Costanza et al. Modeling Complex Ecological Economic Systems. BioScience 1993

"From the onset, the potential for environmental advances was restricted by certain fundamental realities. Most of these could be linked to policy legacies, and particularly to the accumulated momentum of what we have called the liquidation-conversion project. As Robert Putnam reminds us, institutions and policies have historical trajectories: ‘History matters because it is "path dependent"; what comes first (even if it was in some sense "accidental") conditions what comes later. Individuals may "choose" their institutions, but they do not choose them under circumstances of their own making, and their choices in turn influence the rules within which their successors choose'. The liquidation-conversion project gathered momentum as more and more workers, investors, suppliers, and governmental officials acquired a stake in maintaining or increasing timber harvesting rates. This momentum increased as workers set down roots, as businesses designed to serve forest companies and workers sprouted in forest dependent communities across the province, as logging contractors mortgaged their future to purchase rigs, as investors poured dollars into expanding logging and milling capacity, and as governmental bureaucracies set themselves up to monitor and facilitate the whole operation. The resulting pattern of dependency, and the associated political pressures, structured the policy space, established the boundaries between the politically feasible and unfeasible."

Jeremy Wilson Talk And Log

"….those who see forests primarily as sources of fibre and are committed to the commercial development of the resource remain on the policy track laid down after the Second World War. The forest industry and the ministry continue to implement what can be called the liquidation - conversion project, a set of policies aimed at achieving a controlled liquidation of old growth forests and their conversion into managed second growth plantations. Despite two decades of intense debate over forest policy, both harvest levels and the proportion of the harvest that is clearcut have increased dramatically since the 1970s. The busy air of policy innovation may simply mark the final stages of the liquidation - conversion project, amounting to nothing more than a sophisticated symbolic politics that serves to contain environmental opposition."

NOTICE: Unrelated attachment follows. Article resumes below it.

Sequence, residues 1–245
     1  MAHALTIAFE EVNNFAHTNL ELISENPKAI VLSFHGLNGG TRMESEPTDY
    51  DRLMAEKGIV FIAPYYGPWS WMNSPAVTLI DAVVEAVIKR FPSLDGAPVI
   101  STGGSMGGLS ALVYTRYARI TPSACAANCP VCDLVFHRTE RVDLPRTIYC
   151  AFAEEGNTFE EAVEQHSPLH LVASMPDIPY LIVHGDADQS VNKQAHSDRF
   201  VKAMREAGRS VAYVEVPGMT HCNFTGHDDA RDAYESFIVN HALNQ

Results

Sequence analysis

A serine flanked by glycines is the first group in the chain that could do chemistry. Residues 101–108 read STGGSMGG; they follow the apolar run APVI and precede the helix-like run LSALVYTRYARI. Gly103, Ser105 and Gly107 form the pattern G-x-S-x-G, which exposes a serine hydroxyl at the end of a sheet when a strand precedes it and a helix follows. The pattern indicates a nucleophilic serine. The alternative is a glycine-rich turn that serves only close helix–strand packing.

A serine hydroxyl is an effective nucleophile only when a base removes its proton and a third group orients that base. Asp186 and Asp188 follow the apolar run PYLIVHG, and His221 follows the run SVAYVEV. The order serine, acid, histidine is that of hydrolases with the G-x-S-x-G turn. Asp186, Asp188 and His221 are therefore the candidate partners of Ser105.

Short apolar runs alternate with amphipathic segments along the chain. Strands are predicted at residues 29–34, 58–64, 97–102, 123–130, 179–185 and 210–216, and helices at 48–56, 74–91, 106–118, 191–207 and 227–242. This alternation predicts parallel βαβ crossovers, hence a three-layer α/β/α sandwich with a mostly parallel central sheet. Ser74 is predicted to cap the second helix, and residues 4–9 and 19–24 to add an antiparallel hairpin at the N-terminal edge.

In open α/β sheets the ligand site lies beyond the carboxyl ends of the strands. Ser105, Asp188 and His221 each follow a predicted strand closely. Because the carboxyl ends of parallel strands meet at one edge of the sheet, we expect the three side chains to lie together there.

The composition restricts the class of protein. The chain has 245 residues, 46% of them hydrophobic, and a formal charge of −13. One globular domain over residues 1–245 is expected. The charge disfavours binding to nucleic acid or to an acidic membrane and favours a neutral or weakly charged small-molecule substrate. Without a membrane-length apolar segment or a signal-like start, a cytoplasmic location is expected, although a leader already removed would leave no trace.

Ken Lertzman, Jeremy Rayner, Jeremy Wilson

Our present climate regime can be usefully understood as a point, an attractor, a system stability under pressure from the build up of greenhouse gases. The topography of both markets and policy change also has valleys and sinks. Path dependence severely limits change in markets and government's ability to even regulate properly let alone take decisive, interventionist action (except maybe when faced with a human enemy like a Hitler). Far from a level playing field where anything is possible, change is difficult and severely constrained down paths formed over decades in the past.

Our socio-economy has taken the fossil fuel path for generations. Reducing emissions quickly and at a necessary scale requires much more than mere incremental change within the present path. Getting to a clean energy economy requires a conscious choice of a new path and a plan to  escape the present path.

bill (at) pacificfringe.net